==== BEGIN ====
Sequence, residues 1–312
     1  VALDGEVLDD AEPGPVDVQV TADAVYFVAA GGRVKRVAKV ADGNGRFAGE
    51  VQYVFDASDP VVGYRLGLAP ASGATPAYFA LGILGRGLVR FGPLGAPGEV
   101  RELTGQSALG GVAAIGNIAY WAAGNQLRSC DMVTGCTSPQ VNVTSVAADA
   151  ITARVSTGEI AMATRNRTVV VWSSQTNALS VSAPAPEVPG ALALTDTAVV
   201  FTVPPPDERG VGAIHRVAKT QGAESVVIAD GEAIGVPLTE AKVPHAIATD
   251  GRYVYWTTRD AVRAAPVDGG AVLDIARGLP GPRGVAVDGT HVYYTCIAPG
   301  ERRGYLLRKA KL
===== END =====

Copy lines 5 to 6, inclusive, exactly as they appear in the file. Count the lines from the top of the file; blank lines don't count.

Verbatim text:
   151  ITARVSTGEI AMATRNRTVV VWSSQTNALS VSAPAPEVPG ALALTDTAVV
   201  FTVPPPDERG VGAIHRVAKT QGAESVVIAD GEAIGVPLTE AKVPHAIATD